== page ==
Our market is in our little restored train depot, which makes it even better.
We head out to the city this evening for a nighttime 5K (all the guys, big and little, are running). Dinner with grandmother first, so I made the world's largest rice pudding, and a pan of gingerbread. The kitchen smells very good.
And I love my new Boden dress.
That's today's news!
Friday, July 20, 2007
With proper care and feeding, your fabric stash can live a long and productive life. As a general rule, you should treat it like sourdough starter.
Keep it clean. Don't let the cats nest in it. Wash your fabric when you bring it home from the store so that instant gratification can be yours should you get a flash of sewing inspiration.
Stir it regularly. Unfolding, admiring, smoothing, and rearranging are all good for your fabric stash.
Of course, the stash must be fed fresh fabric on a regular basis. You should put a little in every so often, which will often cause you to take something else out and sew with it, which is good for everyone.
Giving a little away never hurt either.
Thursday, July 19, 2007
This summer I'm finding myself making the same things over and over--because man, they are so good. This pasta has become one of our staples. The sausage and vegetables can be prepared while you're in the kitchen fixing the lunchtime sandwiches, then put in the fridge while you go to the lake. Pull the dish out and add cooked pasta, fix salad and bread, and dinner's ready. Oh, and despite tasting very, very Italian, it's dairy-free!
*Roasted Sausage and Vegetable Pasta*
On a pan with a raised rack (I use the broiler pan from my oven) arrange:
1 or 2 packages of mild Italian sausages
In a large bowl toss:
1 red pepper thinly sliced
1 onion thinly sliced
1 box mushrooms, cleaned and halved if large
1 bundle asparagus, trimmed
2-3 zucchini or yellow squash, chunked
3-4 carrots, cut in sticks
any other vegetables that sound good and are waiting in your fridge, you get the picture!
1/4 cup olive oil
1/3 cup Italian seasoning herbs
1 T. coarse salt
Pam one or two large pans and spread your veggies out in them, not more than an inch or so deep.
Pop the veggies and the sausages in the oven at 450. You heard me! Leave them there for half an hour. The sausages will become a dark candied brown. The veggies will roast just right.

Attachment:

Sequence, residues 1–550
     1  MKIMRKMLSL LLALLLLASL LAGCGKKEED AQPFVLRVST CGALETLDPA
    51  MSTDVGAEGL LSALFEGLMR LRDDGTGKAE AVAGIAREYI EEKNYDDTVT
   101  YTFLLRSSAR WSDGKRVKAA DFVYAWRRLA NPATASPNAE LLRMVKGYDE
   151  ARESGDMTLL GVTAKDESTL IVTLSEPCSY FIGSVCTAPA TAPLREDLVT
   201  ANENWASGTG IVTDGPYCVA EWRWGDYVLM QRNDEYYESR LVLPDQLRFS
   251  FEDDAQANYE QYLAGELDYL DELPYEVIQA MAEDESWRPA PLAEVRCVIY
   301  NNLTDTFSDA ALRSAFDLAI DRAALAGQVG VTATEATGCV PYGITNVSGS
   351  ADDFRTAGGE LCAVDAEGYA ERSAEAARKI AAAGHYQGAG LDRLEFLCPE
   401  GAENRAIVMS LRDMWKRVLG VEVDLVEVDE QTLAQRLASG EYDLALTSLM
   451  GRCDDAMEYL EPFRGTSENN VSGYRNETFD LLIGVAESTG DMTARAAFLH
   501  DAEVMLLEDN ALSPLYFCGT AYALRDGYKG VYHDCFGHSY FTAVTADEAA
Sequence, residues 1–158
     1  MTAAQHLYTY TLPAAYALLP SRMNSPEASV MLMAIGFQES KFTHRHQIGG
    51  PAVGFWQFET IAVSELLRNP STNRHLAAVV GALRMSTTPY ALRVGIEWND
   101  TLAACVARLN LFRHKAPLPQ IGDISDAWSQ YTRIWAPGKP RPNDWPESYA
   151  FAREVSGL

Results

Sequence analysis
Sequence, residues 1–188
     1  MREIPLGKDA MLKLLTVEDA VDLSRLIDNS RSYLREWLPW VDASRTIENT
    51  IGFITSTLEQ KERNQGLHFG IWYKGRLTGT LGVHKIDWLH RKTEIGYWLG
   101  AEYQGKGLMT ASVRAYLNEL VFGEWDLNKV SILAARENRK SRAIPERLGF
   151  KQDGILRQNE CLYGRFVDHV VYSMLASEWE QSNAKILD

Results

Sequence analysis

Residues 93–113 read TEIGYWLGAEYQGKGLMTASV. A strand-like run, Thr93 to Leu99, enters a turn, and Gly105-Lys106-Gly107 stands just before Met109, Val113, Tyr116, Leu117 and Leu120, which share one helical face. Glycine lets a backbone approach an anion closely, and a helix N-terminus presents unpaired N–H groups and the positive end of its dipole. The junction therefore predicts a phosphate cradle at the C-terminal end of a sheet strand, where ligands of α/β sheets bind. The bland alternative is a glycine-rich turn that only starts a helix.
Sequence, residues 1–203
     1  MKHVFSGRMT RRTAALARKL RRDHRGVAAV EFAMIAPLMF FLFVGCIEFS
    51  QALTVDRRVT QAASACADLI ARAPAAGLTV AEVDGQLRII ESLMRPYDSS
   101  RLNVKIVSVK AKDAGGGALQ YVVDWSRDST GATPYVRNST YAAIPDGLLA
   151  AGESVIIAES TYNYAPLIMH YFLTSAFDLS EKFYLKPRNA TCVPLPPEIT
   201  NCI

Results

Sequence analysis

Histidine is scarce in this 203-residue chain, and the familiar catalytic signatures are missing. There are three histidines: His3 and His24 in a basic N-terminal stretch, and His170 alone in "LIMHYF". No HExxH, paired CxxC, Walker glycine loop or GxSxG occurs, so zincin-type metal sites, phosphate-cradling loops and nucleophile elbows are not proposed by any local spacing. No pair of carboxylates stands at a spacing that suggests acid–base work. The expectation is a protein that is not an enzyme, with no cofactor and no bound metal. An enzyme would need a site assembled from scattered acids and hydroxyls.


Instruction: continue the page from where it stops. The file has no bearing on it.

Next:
1 lb. cooked pasta (I use rigatoni), including 1/3 cup cooking water.
Additional salt and pepper.
Serve with grated Parmesan cheese. Makes a huge quantity; we have actual leftovers. Great for feeding a crowd.
Wednesday, July 18, 2007
For the past year I have been finding unending inspiration in Daisy's Dick and Jane books. Mother is always dressed in something crisp and appropriate, has the best aprons, and oh, the picnic outing in the car. So when I came across actual Dick and Jane fabric at the quilt shop last week, I brought some home.
A tiny tote bag for a baby shopper (in the Etsy shop):
Fun bibs for drooly babies:
"See Jane run. See Dick run."
(These two not in the shop, email or comment if you're interested!)
Tuesday, July 17, 2007
With girl birthdays only four days apart, a joint party was bound to happen sooner or later. This year was later, as our trip fell right in the middle of birthday week.
Clara got twelve candles.
Daisy got three. She went last. She is my third daughter to celebrate her third birthday in a bathing suit, I think. Not a time in life when you want a lot of extra fabric, I guess.
Felix and my mother. She is most excellent at birthday gifts.
Daisy gestures triumphantly at *all* the packages.
And works that pink ribbon.
A perfect example of the principle that the older you get, the smaller and more expensive your presents become. Season tickets to the symphony orchestra--the only thing Clara wanted.
For Daisy. She wore out the paperback version in the car by demanding over and over the chapter where Piglet is secretly slipped into Kanga's pocket and then given a torturous bath.
Clara does such a fine Eeyore.